In the 1990s, Canada and Sweden faced economic crises similar to ours. In response, they sharply cut public spending. Their economies have done well since, and their governments have been running budget surpluses.

We did something like the opposite. The consequences could be enduring.

TOPICS: Culture/Society; Editorial
KEYWORDS: babies; economicgrowth; elderly; healthcare; medicare; socialsecurity

1 posted on 02/04/2013 4:20:01 AM PST by Kaslin
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To: Kaslin
Fewer Dollars and Babies Threaten Social Programs

Well; when a country decides to kill off about 55,000,000 of it's future citizens; any SANE person WOULD figger there just MIGHT be some problems with that!

2 posted on 02/04/2013 4:35:08 AM PST by Elsie (Heck is where people, who don't believe in Gosh, think they are not going...)
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To: Elsie

excellent point

3 posted on 02/04/2013 4:38:45 AM PST by Kaslin (He needed the ignorant to reelect him, and he got them. Now we all have to pay the consequenses)
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To: Kaslin

The threat to social programs was their socialist basis to begin with. They are are based on getting someone else to pay and that someone was in the future because the spending was financed by issuing debt or printing money. This assumed that population would not only always increase, but that it would always generate net income.

The US has a median household income of about $52k/yr yet we spend about $60k/year for every person on welfare. When not working pays more than working, guess what happens? We also presently have about twice as many people on full Social Security disability as the system planned on having.

Socialists are all about forcing society to change so it can create a secular utopia yet this is never “sustainable”, a concept the left loves to scold everyone about.

What we have ended up with is so much debt that the only way we can service it is to suppress interest rates to nearly zero. That destroys the capital-based components of our economy starting with the savings of those who are retired and living off their investments.

When the plan is to inflate the currency to pay the bills, the plan admits gross failure of government and massive embezzlement of private wealth as a stealth tax. This will not end in peace nor prosperity, which was the only reason the States formed the federal government. Maybe it is time to dissolve this federal government and devise a new one that doesn’t have the power to destroy the economy.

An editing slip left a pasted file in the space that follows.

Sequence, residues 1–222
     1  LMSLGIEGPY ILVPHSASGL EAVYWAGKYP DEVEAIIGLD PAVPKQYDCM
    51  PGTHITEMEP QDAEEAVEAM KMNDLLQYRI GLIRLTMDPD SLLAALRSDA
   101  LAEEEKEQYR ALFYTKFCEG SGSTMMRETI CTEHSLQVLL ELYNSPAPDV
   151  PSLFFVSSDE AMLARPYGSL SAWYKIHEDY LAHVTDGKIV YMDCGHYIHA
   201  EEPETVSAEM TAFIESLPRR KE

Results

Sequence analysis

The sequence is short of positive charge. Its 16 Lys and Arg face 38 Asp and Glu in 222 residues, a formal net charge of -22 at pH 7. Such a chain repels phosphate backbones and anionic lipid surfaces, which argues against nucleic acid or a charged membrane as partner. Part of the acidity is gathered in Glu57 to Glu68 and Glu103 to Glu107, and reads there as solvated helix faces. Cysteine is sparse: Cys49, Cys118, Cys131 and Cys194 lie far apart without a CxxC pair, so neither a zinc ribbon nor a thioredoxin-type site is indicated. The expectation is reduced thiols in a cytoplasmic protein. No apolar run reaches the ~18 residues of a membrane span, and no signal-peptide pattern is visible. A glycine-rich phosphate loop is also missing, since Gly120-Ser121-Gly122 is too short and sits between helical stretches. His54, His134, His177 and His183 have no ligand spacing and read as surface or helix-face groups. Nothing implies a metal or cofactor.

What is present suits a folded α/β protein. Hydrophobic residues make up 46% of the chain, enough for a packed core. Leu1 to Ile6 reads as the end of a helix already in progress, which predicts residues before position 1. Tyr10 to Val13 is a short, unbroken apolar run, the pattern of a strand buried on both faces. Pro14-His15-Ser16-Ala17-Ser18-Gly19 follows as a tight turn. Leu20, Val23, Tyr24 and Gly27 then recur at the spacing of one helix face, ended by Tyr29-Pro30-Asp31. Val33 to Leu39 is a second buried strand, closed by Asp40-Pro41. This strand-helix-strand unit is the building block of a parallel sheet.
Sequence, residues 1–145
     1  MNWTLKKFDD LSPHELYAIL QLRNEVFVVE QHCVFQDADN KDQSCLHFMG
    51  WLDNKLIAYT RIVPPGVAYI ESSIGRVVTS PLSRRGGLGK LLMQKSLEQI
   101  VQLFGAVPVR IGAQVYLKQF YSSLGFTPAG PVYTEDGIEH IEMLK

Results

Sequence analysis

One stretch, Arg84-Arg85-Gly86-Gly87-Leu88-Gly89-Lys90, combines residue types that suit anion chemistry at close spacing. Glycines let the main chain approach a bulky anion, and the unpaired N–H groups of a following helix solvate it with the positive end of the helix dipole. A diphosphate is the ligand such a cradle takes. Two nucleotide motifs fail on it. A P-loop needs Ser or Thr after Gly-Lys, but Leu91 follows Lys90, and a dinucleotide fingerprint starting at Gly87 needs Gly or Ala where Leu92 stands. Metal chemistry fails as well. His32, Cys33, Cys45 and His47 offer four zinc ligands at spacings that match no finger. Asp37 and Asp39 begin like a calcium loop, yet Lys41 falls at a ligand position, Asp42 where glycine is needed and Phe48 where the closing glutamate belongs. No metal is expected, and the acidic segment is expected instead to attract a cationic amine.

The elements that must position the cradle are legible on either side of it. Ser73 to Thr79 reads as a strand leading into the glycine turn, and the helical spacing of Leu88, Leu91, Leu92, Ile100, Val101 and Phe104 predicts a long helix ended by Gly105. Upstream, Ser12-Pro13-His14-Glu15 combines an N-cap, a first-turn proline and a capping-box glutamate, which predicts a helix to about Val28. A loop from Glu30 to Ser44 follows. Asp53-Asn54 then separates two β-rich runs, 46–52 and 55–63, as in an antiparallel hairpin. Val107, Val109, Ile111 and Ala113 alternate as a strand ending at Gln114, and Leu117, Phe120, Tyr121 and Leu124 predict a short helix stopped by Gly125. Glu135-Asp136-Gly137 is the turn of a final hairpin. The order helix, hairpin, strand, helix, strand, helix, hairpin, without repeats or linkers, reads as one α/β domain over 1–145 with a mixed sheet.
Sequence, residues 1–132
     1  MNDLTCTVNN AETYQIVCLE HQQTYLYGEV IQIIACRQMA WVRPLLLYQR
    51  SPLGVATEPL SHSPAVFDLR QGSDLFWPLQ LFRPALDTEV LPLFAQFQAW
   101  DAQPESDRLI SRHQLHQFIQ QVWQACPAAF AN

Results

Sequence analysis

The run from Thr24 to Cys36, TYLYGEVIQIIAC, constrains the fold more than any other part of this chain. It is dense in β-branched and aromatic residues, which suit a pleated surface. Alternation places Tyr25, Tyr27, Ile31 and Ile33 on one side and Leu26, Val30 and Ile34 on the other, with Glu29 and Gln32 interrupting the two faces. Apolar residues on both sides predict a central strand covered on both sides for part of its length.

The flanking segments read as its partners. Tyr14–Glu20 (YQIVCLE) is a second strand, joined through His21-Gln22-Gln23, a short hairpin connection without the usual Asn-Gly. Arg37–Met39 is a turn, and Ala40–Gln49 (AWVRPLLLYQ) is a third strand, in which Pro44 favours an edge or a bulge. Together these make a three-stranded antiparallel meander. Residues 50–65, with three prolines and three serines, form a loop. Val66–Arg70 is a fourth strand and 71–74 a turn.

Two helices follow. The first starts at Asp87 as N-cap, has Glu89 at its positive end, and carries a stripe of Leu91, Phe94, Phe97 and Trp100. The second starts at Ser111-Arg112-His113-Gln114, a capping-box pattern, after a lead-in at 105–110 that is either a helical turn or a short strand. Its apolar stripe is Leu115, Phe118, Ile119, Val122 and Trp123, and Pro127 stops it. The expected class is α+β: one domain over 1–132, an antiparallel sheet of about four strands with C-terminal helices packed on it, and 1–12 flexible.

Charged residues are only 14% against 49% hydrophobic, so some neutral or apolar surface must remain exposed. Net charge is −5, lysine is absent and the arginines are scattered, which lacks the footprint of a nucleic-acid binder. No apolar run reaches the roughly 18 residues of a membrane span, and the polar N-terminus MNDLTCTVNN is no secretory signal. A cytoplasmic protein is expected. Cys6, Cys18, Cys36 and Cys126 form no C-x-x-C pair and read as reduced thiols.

4 posted on 02/04/2013 5:12:24 AM PST by theBuckwheat
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To: Kaslin

work will set you free

free will set you work

set you will work free

free work will set you

work free set you will

set free work will you

5 posted on 02/04/2013 5:14:40 AM PST by urbanpovertylawcenter (where the law and poverty collide in an urban setting and sparks fly)
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To: urbanpovertylawcenter

Arbeit macht frei.

6 posted on 02/04/2013 5:20:56 AM PST by doberville
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To: theBuckwheat

Excellent post.

7 posted on 02/04/2013 5:21:21 AM PST by Tax-chick (Just what this family needs: more smugness.)
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To: Elsie

That was my first thought upon reading this.

8 posted on 02/04/2013 5:24:16 AM PST by DooDahhhh (ma)
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To: Kaslin
Fewer Dollars and Babies Threaten Social Programs

That's how it is with any ponzi scheme.

9 posted on 02/04/2013 5:33:49 AM PST by Hoodat ("As for God, His way is perfect" - Psalm 18:30)
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To: Elsie
Exactly. And no one saw that coming??

But the same people who pushed for the slaughter will push for the elimination of the elderly as well...until they turn 65...

10 posted on 02/04/2013 10:44:14 AM PST by Smokin' Joe (How often God must weep at humans' folly. Stand fast. God knows what He is doing)
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To: Kaslin

Not to worry - they’ll just extract it from the “rich” that don’t vote rat (rat voters exempt, of course).

11 posted on 02/04/2013 5:19:57 PM PST by Some Fat Guy in L.A. (Still bitterly clinging to rational thought despite it's unfashionability)